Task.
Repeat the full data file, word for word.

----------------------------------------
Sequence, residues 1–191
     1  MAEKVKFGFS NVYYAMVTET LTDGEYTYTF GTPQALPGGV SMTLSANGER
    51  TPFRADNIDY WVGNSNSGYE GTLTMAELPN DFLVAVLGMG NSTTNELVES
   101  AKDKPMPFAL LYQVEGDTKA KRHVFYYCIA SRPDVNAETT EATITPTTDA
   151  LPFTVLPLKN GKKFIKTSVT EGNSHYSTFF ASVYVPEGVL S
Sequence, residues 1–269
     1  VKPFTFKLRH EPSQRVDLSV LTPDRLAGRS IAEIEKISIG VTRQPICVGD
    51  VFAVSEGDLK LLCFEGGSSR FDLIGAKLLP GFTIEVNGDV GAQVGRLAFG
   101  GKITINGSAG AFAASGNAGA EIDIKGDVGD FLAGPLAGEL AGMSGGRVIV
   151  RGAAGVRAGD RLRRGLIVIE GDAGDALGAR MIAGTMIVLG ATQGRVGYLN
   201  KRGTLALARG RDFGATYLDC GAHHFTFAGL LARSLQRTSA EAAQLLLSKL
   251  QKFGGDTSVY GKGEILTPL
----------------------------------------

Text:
Sequence, residues 1–191
     1  MAEKVKFGFS NVYYAMVTET LTDGEYTYTF GTPQALPGGV SMTLSANGER
    51  TPFRADNIDY WVGNSNSGYE GTLTMAELPN DFLVAVLGMG NSTTNELVES
   101  AKDKPMPFAL LYQVEGDTKA KRHVFYYCIA SRPDVNAETT EATITPTTDA
   151  LPFTVLPLKN GKKFIKTSVT EGNSHYSTFF ASVYVPEGVL S
Sequence, residues 1–269
     1  VKPFTFKLRH EPSQRVDLSV LTPDRLAGRS IAEIEKISIG VTRQPICVGD
    51  VFAVSEGDLK LLCFEGGSSR FDLIGAKLLP GFTIEVNGDV GAQVGRLAFG
   101  GKITINGSAG AFAASGNAGA EIDIKGDVGD FLAGPLAGEL AGMSGGRVIV
   151  RGAAGVRAGD RLRRGLIVIE GDAGDALGAR MIAGTMIVLG ATQGRVGYLN
   201  KRGTLALARG RDFGATYLDC GAHHFTFAGL LARSLQRTSA EAAQLLLSKL
   251  QKFGGDTSVY GKGEILTPL